Did you ever see that meme of the guy sitting at a foldout table with a giant piece of white poster paper taped to the front?
One of those “[insert argument here], change my mind,” things? Remember that?
Ah, yes. There it is.
Well, that's it. That's what this column is about. Nebraska's senior running back has more than earned a spot on the All-Big Ten team announced at the end of the season.
You won't change my mind. Or head coach Scott Frost's for that matter.
"To me, he’s playing at an All-Big Ten level," Frost said after Saturday's win over Illinois. "I know there are other good backs in this league, but Devine’s consistent for us and making plays every week. I’m so happy for him that he’s shown the type of character that it takes to persevere what he’s gone through."
We'll get to what he's gone through in a little bit, but let's start with the first part of that quote. The "other good backs" part. Because, yes, the Big Ten has a handful of other quality backs. Wisconsin's Jonathan Taylor comes to mind. Penn State's Miles Sanders comes to mind. Illinois' Reggie Corbin comes to mind.
But Ziggy Stardust is doing stuff at an elite level right now.
With his 162-yard day against the Illini, Ozigbo hit the 150 mark for the fourth time this season. He didn't even have one in the three years prior to this season. One Nebraska player — not running back, player — has had four in a season since 2000. That was Ameer Abdullah.
Ozigbo is at 7.54 yards a carry on the season. That ranks 15th in the country. Among guys averaging at least 10 carries a game, Ozigbo is fifth in average gain. He ranks 21st nationally in total rushing yards despite being tied for 82nd in total carries.
Think about that.
There are 81 backs in college football that have run it more than Ozigbo this season, only 20 of those guys have more yards. And Ozigbo wasn't even the starter for the first three games. He has outright led Nebraska in carries just two times this season.
So, your honor, Exhibit A: Ozigbo is one of college football's most efficient running backs.
Now on to the big ones, the chunk plays. Ozigbo has 26 of those this season (tied for 29th in 10-yard carries). He's got 11 runs that have gone for 20 yards or more. That's tied for eighth. He's got seven runs that have gone over 30 yards. That's tied for seventh. If Ziggy were to break just one more 20-yarder in his final two games, he would have as many 20-yard carries this year as he did 10-yard carries last year.
Entering this season, Ozigbo had 25 career runs that gained at least 10 yards. Again, he's got 26 this year.
The following is a ranking of the 10 running backs with the most carries in the Big Ten this season. The percentage next to their name indicates their explosive play percentage (how frequently they break a 10-yard-or-longer run).
- Jonathan Taylor (WISC): 17.1 percent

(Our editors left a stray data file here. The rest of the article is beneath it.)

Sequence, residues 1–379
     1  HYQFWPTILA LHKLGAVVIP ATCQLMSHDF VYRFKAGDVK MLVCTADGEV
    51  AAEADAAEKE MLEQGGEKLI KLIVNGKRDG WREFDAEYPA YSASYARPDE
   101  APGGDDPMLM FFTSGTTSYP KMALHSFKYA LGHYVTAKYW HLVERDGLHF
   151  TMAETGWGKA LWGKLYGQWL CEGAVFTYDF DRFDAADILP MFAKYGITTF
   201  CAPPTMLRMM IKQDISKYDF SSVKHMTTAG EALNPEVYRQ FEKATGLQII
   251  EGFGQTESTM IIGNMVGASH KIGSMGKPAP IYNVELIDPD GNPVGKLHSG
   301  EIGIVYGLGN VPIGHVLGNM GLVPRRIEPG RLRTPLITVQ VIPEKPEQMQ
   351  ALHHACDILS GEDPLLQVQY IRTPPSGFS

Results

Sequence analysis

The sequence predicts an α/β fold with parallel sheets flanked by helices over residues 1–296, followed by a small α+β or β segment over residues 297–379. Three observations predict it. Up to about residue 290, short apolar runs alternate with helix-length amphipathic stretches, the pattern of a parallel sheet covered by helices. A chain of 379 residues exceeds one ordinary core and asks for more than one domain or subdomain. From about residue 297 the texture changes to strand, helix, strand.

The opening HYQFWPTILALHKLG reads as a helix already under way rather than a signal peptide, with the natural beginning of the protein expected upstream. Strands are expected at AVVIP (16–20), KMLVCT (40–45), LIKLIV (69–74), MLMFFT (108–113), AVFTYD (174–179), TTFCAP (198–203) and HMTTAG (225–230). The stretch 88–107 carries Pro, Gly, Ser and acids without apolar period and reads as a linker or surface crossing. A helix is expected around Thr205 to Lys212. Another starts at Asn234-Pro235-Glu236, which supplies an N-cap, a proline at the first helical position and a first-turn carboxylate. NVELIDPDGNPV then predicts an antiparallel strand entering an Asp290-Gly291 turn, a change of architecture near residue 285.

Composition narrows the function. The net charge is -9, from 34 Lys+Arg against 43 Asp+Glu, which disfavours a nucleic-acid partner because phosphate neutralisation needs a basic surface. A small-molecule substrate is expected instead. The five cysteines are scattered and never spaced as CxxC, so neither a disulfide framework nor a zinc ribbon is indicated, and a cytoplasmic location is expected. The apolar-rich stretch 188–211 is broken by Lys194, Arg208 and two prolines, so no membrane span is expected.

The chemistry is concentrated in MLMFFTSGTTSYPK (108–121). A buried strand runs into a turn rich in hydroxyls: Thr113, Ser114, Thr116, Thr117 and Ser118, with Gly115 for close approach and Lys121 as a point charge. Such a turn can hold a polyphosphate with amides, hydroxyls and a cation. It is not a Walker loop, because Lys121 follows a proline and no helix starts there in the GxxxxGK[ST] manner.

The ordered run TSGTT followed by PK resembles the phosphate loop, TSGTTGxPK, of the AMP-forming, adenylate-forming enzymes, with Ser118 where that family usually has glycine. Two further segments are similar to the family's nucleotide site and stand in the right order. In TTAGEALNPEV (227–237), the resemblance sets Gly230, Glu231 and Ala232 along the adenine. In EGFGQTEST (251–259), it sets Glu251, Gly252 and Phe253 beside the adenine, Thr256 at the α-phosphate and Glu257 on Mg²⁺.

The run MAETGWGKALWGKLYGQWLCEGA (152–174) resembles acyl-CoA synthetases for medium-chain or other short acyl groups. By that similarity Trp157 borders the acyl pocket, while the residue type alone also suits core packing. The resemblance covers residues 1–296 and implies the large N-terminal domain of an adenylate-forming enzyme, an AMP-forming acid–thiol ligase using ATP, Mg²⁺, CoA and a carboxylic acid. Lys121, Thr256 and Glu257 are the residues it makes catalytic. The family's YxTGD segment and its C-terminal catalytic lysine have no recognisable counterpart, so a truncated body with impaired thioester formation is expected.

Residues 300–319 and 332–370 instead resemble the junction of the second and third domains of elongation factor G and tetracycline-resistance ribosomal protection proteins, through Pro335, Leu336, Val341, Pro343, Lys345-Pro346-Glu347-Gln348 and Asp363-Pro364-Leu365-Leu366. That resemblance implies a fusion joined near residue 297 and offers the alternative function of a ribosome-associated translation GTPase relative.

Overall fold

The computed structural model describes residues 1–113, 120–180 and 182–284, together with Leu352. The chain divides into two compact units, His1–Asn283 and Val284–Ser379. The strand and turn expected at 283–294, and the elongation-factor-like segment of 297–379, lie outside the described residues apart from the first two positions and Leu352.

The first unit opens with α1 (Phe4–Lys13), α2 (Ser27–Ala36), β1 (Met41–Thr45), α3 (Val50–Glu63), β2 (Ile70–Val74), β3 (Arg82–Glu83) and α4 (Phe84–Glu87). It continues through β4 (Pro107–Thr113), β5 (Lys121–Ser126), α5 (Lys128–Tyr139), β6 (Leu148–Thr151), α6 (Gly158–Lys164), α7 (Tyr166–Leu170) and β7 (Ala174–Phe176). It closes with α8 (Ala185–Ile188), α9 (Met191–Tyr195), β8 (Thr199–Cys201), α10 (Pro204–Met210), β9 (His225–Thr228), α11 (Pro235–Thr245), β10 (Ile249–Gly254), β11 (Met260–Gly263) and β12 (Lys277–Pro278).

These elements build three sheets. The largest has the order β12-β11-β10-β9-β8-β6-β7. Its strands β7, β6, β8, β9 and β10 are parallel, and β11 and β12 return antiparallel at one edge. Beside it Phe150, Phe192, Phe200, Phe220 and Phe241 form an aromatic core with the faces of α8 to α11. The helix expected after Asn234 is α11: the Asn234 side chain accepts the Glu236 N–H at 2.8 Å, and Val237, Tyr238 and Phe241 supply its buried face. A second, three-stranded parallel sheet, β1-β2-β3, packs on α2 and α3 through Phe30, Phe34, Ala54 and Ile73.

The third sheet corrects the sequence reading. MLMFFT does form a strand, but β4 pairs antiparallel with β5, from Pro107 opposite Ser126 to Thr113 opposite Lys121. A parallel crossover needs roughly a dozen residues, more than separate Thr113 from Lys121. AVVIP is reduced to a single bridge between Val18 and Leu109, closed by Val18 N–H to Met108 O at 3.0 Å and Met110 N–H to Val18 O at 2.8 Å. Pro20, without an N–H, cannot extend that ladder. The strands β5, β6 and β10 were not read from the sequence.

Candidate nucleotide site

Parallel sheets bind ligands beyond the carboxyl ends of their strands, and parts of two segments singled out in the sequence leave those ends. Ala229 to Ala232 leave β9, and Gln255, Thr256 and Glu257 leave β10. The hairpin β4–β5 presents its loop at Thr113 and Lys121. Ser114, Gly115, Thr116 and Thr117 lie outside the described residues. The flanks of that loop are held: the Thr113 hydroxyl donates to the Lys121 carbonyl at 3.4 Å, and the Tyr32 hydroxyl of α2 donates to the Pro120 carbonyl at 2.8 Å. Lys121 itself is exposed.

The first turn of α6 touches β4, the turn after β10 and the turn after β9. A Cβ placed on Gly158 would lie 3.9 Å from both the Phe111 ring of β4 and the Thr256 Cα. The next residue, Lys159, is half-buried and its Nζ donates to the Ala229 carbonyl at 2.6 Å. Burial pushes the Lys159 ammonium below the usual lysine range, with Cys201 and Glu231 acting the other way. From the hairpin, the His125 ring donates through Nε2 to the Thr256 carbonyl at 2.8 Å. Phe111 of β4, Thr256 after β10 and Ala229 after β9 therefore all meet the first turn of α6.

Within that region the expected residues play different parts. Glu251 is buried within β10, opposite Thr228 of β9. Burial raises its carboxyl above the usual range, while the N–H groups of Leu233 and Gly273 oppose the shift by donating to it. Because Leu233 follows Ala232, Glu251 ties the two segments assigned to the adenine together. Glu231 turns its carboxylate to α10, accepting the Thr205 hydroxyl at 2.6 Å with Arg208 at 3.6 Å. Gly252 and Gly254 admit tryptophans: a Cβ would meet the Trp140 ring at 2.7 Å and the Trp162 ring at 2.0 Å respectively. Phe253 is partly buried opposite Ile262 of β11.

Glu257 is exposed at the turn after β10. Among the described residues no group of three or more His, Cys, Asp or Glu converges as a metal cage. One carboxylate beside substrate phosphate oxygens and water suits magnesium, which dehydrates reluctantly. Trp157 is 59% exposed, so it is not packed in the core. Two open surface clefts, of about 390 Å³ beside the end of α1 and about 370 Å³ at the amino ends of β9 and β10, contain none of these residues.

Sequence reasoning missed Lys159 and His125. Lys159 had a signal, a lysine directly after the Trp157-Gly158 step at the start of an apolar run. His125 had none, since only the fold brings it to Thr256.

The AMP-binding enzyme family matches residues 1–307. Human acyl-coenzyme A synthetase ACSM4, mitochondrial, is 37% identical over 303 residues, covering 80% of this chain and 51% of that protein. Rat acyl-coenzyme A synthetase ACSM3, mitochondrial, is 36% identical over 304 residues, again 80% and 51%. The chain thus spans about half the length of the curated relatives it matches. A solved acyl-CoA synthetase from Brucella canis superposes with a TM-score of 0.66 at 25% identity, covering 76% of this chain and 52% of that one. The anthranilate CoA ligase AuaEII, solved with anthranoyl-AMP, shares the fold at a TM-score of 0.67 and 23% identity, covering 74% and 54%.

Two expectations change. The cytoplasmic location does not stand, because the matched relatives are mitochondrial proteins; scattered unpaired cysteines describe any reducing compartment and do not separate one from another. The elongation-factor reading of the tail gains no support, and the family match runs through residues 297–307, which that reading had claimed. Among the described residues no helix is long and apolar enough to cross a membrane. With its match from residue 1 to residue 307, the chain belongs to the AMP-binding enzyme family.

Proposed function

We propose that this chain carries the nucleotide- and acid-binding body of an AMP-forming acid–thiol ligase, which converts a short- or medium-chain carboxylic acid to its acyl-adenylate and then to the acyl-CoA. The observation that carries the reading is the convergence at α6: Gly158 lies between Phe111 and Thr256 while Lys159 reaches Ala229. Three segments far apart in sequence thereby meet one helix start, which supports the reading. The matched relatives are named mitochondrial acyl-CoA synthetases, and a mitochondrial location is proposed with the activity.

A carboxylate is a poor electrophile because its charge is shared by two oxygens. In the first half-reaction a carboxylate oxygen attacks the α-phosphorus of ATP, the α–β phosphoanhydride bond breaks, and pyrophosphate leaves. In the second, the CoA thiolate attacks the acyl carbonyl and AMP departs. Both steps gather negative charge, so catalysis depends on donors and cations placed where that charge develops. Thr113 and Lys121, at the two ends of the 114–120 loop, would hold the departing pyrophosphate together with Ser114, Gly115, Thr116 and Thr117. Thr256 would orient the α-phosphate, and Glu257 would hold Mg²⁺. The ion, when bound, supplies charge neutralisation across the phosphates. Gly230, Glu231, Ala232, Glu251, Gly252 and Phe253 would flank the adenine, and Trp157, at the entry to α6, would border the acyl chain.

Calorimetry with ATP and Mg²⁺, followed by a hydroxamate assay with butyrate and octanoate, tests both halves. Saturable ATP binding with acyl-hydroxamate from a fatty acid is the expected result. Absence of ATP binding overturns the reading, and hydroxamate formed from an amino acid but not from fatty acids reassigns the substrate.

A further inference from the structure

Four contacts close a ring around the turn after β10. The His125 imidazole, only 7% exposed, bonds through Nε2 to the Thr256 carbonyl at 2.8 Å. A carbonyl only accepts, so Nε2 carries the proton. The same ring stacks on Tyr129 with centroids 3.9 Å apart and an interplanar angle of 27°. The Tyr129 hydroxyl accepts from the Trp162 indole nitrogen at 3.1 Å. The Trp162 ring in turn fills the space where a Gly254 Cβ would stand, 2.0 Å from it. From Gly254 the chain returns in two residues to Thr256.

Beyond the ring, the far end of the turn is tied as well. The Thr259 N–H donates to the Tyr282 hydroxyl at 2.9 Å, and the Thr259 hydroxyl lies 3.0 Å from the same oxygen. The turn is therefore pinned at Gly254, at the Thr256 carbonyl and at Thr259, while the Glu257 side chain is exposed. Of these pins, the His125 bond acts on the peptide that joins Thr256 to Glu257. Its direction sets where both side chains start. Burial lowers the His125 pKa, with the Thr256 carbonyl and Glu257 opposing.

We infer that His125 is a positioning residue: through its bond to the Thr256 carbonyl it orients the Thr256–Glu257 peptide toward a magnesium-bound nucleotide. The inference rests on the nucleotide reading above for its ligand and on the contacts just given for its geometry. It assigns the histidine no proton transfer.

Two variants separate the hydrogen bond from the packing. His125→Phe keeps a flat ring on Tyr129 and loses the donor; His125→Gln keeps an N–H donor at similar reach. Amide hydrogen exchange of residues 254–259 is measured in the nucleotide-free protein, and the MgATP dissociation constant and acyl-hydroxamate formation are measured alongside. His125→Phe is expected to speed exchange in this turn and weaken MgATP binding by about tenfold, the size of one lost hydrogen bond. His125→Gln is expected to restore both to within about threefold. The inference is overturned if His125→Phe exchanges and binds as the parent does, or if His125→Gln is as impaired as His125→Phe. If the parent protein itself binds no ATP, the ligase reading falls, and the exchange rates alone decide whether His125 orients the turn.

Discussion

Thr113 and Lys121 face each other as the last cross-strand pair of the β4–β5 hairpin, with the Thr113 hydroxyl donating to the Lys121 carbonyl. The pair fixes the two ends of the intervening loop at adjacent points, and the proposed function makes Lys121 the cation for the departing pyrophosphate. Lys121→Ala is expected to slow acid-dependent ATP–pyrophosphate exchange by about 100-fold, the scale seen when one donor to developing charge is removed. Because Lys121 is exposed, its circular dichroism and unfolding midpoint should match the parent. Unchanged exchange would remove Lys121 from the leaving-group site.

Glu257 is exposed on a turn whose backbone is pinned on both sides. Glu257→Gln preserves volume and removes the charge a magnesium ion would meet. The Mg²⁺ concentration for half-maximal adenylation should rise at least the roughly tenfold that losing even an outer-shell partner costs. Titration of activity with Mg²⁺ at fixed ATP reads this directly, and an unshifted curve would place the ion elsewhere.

- Karan Higdon (MICH): 10.6 percent
- Stevie Scott (IND): 9.6 percent
- Miles Sanders (PSU): 19.3 percent
- JK Dobbins (OSU): 10.2 percent
- DJ Knox (PUR): 16.3 percent
- Devine Ozigbo (NEB): 20.4 percent
- Mike Weber (OSU): 19.7 percent
- Mohamed Ibrahim (MINN): 12.0 percent
- Reggie Corbin (ILL): 21.9 percent
Ozigbo is second on that list. (Look at the guy who has the best percentage. It's like Illinois has a pretty decent run game or something.)
"He’s still a big powerful guy but he’s gotten so fast, it’s crazy," senior guard Tanner Farmer said of Ozigbo. "Devine is running his butt off and giving the best he’s got and everybody else is doing what they need to do."
Most of Frost's praise has been about the speed Ozigbo has added to his game. When Ozigbo spoke to the media, he said it's not as much his top-end speed, but more his ability to stop and start and change directions faster.
“When we first got here I didn’t know what we had in Devine," Frost said. "Watching him last year, he's a completely different player from what I saw on tape last year."
The common criticism last season was that he would put his head down, crash into a pile and try to move it forward another few yards. This season Ozigbo is finding holes, making cuts, and bursting into the open field.
Here he runs a defender over and then just runs away from everyone else.
— Jacob Padilla (@JacobPadilla_) November 10, 2018
"We all noticed it in fall camp," linebacker Luke Gifford said of the newfound burst. "That breakaway speed adds a different dimension to his game. He’s that big and he runs that hard, he’s not fun to tackle. I’m glad he’s on my team for sure."
So, your honor, Exhibit B: Ozigbo has also become one of the nation's best home-run hitters.
Now to the other part of that initial Frost quote, the part about going through stuff. Ozigbo wasn't playing early in the season. Between Troy and Michigan, he logged 17 total touches. There was a point where Ozigbo wasn't taking practice as seriously as he needed to.
One running back transferred this season because of a perceived slight. He felt he should have been getting more playing time. That back wasn't Ozigbo, but it very well could have been. No one entered this year thinking Ozigbo, the bruiser for the last regime, could carve out a starring role for the new regime's up-tempo attack.
"He deserves a ton of credit for inheriting a new coaching staff, going to work, doing what we asked of him, being patient as we were playing some other guys and he was just in a rotation," Frost said. "He persevered through all of that. Sometimes in this day and age we want what we want right now and when we don’t get it, you leave, or you quit or you stop working.
"It says a lot about who Devine is that he kept going."
Reward him for it.
Devine Ozigbo has earned a spot on the Big Ten's postseason all-conference team.
Try and change my mind.